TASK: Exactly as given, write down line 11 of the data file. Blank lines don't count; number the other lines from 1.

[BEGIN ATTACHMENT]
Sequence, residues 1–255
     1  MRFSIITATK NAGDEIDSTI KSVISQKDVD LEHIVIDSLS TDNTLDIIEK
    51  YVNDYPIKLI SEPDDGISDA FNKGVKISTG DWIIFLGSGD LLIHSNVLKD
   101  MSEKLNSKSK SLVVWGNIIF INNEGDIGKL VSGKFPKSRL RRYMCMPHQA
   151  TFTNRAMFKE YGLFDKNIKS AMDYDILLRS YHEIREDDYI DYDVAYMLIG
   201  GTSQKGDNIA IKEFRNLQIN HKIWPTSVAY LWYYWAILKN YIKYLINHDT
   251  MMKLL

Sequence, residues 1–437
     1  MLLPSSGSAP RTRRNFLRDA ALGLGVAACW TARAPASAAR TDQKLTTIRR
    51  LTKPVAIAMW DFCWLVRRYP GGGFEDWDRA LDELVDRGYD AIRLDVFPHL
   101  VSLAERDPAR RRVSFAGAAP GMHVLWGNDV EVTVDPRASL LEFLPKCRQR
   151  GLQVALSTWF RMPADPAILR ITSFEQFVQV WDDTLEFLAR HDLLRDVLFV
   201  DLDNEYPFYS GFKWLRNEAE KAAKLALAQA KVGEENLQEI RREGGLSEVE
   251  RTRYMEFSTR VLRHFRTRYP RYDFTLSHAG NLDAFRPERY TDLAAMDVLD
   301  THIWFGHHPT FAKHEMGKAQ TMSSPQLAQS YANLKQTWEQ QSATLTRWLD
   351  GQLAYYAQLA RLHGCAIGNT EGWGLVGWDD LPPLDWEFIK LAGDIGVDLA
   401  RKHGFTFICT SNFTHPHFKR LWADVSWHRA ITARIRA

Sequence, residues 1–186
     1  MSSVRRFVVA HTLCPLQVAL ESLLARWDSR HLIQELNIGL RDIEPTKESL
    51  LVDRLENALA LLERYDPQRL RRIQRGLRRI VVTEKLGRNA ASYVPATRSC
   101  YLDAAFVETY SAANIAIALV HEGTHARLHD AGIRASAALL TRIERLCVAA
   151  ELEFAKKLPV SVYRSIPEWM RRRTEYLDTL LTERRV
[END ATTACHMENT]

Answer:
   101  VSLAERDPAR RRVSFAGAAP GMHVLWGNDV EVTVDPRASL LEFLPKCRQR